Photo courtesy Kaliel Roberts
For bestselling novelist Andrew Sean Greer, Less represents a grand departure in more ways than one.
“I was writing another book that was my typical style,” says the author of five preceding fictions, including The Path of Minor Planets and The Confessions of Max Tivoli, “sort of poignant, sort of wistful. And I was getting nowhere with it, because I couldn’t feel sorry for the main character.”
The main character was a middle-aged gay man on ...
We talk to Mary Collins & Donald Collins about At the Broken Places.
At the Broken Places blends manual and memoir, both for young trans people and their cis family members. In a series of candid essays, Mary Collins and her trans son, Donald Collins, reflect on Donald’s transition and Mary’s fraught response to it. The book also includes an extensive suggested-reading list, and a “Story Exchange” adds the voices of gender activists and leaders. I talked to them recently about co-writing the book.
Did At the Broken Places emerge, in part, as ...
Photo courtesy Marion Ettlinger
Samantha Hunt’s fiction lies in the meeting place between our common reality and the expanded reality of dreams, transformations, visitations, and conjurings. In her previous novels, teenagers communicate with the dead, a man travels through time over Queens, and men emerge from and disappear into the ocean. Hunt’s latest book, a collection of stories titled The Dark Dark, again inhabits the threshold between realities. “This is our experience in the world,” she says. “That’s what’s true to our life ...
Quips on our radar
Kwame Alexander photographed by Portia Wiggins
“She eats it out of a bag. She eats it at night. She makes sandwiches with it....Will she eat all 1,079 pages of the beloved postmodern saga of addiction, tennis, pop culture, and lust? You can follow her progress via the hashtag #eatinfinitejest...” —Clayton Purdum reports at the A.V. Club on comedian Jamie Loftus’ goal to slowly eat the entirety of David Foster Wallace’s Infinite Jest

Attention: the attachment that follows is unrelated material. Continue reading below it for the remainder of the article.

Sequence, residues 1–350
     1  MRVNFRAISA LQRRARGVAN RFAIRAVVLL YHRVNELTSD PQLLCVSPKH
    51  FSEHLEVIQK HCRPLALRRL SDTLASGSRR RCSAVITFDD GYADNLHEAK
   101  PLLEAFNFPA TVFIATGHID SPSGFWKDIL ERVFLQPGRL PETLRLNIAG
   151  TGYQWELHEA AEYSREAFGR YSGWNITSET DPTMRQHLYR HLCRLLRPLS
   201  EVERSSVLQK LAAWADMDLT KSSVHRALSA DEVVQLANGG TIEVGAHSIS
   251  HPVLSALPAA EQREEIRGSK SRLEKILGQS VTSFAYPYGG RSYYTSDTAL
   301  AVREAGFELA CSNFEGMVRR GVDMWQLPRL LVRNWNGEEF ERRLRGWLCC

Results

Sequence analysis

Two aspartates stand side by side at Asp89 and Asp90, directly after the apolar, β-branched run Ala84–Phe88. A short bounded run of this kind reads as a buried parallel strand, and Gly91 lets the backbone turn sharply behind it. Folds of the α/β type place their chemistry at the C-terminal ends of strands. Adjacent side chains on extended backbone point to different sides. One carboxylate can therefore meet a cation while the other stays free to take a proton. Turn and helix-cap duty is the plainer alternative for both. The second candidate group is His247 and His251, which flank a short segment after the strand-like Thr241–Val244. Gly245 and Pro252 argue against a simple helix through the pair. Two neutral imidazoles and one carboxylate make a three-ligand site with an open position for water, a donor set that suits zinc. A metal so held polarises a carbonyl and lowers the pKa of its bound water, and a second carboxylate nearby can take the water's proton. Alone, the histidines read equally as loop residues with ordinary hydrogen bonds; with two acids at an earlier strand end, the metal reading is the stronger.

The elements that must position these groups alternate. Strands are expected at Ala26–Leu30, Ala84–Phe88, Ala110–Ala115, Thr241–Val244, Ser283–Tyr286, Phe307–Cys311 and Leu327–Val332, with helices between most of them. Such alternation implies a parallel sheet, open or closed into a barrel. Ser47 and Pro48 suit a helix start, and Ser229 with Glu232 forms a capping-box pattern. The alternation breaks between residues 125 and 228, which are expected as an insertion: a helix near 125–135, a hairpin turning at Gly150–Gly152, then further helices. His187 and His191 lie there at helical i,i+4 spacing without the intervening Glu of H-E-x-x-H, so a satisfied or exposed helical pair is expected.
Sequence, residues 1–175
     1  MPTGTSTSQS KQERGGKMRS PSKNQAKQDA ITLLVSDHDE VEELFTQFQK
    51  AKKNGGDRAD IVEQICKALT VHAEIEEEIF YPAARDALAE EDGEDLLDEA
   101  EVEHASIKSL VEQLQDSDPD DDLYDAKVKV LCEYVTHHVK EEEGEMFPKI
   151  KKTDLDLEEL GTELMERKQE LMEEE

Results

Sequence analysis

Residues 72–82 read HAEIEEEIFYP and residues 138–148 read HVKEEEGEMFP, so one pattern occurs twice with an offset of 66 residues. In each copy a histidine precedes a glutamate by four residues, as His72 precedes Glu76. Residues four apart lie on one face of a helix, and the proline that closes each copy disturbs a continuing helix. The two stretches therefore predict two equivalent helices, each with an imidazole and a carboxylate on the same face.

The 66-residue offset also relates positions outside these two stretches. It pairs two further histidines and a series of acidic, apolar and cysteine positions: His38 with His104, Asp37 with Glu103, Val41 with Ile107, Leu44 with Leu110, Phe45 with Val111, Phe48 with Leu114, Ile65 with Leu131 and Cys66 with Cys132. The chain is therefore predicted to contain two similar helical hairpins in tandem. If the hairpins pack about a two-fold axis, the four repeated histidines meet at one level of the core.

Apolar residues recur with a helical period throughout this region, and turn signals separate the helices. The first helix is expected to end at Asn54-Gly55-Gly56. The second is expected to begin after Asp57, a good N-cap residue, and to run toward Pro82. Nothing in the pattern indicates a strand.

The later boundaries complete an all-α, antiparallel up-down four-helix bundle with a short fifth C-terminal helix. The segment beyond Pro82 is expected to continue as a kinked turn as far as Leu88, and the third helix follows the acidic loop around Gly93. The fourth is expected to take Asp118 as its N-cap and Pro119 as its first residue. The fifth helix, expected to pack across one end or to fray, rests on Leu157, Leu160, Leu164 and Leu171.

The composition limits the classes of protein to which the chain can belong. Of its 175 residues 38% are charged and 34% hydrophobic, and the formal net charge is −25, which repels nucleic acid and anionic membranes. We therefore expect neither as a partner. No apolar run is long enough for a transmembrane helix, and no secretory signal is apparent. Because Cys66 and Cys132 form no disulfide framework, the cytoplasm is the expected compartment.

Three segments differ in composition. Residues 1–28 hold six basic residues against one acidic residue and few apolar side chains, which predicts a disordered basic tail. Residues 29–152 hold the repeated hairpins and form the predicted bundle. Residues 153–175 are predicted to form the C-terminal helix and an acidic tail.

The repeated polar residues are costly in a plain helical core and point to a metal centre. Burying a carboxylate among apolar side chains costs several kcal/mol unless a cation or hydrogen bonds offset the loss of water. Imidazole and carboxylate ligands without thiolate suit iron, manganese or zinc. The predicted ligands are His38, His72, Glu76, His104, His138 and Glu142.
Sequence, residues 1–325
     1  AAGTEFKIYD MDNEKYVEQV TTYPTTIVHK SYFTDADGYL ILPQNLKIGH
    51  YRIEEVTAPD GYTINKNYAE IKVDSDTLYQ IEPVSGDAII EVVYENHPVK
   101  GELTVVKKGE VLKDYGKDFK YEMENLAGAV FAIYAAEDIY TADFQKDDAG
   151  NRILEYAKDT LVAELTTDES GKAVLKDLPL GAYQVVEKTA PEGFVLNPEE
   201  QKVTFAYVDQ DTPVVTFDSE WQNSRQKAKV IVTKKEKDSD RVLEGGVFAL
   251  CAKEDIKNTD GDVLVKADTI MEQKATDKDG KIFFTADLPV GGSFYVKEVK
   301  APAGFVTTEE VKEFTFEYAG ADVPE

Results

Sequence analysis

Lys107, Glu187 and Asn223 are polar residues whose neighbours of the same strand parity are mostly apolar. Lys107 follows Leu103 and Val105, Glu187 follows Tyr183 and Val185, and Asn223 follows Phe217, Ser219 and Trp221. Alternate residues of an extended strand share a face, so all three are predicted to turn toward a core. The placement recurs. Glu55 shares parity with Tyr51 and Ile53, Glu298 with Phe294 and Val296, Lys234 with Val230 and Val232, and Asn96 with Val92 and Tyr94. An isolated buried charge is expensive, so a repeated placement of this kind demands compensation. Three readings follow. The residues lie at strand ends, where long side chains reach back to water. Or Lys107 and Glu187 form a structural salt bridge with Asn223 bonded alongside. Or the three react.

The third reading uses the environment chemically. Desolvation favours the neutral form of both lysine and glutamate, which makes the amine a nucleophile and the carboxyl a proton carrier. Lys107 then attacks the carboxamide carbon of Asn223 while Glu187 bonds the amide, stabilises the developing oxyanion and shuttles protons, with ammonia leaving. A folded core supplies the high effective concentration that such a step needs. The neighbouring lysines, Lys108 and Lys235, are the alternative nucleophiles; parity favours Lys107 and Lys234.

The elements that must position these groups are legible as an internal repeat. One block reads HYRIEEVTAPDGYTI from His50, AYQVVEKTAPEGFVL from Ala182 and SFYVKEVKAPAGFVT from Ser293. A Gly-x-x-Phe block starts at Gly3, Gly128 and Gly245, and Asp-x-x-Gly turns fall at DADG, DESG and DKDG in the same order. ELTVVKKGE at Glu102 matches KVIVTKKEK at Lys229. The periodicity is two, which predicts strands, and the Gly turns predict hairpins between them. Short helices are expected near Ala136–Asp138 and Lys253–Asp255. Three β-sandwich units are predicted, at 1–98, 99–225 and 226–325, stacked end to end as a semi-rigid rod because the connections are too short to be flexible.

“Good things will happen. Like sometimes you’ll spend ...
Beatles fans know the date as holy writ: July 6, 1957, when Paul McCartney met John Lennon for the very first time and showed him how to tune his guitar. A couple of weeks later, McCartney joined Lennon’s band—and the rest is history.
That band wasn’t playing rock ’n’ roll as such. Instead, the Quarrymen were playing a style of music called skiffle, mixing elements of American country and western, jazz, and blues with pub singalongs to create a sound ...
Vicky Smith and Alex Trebek courtesy of Jeopardy! Productions, Inc.
Like many a trivia-accumulating American, I have been an on-again, off-again fan of Jeopardy! for years. I sit on my couch and shout answers at the TV, groaning when a contestant muffs a question: "Harriet Tubman was from Maryland! How can you not know that?" So when I saw an announcement for an online test to screen potential contestants, I thought, Why not?
An online test, an in-person audition, and several months later, I had a taping date in Culver ...
Photo courtesy Erin English
The inspiration for Coretta Scott King Honor Award winner Karen English’s latest middle grade novel all comes down to one unforgettable quote.
“We had a housekeeper,” says English, who was born in 1954 and grew up in Los Angeles, “and she pulled me aside one day, when I was about nine, and told me that, if I ever went to Africa, the Africans would kill me, because they didn’t like, in her words, ‘no light-skinned negroes.’
“I didn’t ...
Some of this month’s excellent nonfiction
Heading into the heart of summer in Charleston, South Carolina, where I live, sometimes it’s too hot for anything except hunkering down in the air conditioning with a good book. Here are seven to check out this July, with quotes from our reviews.
The Unwomanly Face of War
by Svetlana Alexievich
“The Nobel laureate writes about ‘the wrong kind of war’: oral confessions from Russian women intimately involved with fighting for the motherland….Essential reading full of remarkable emotional wealth ...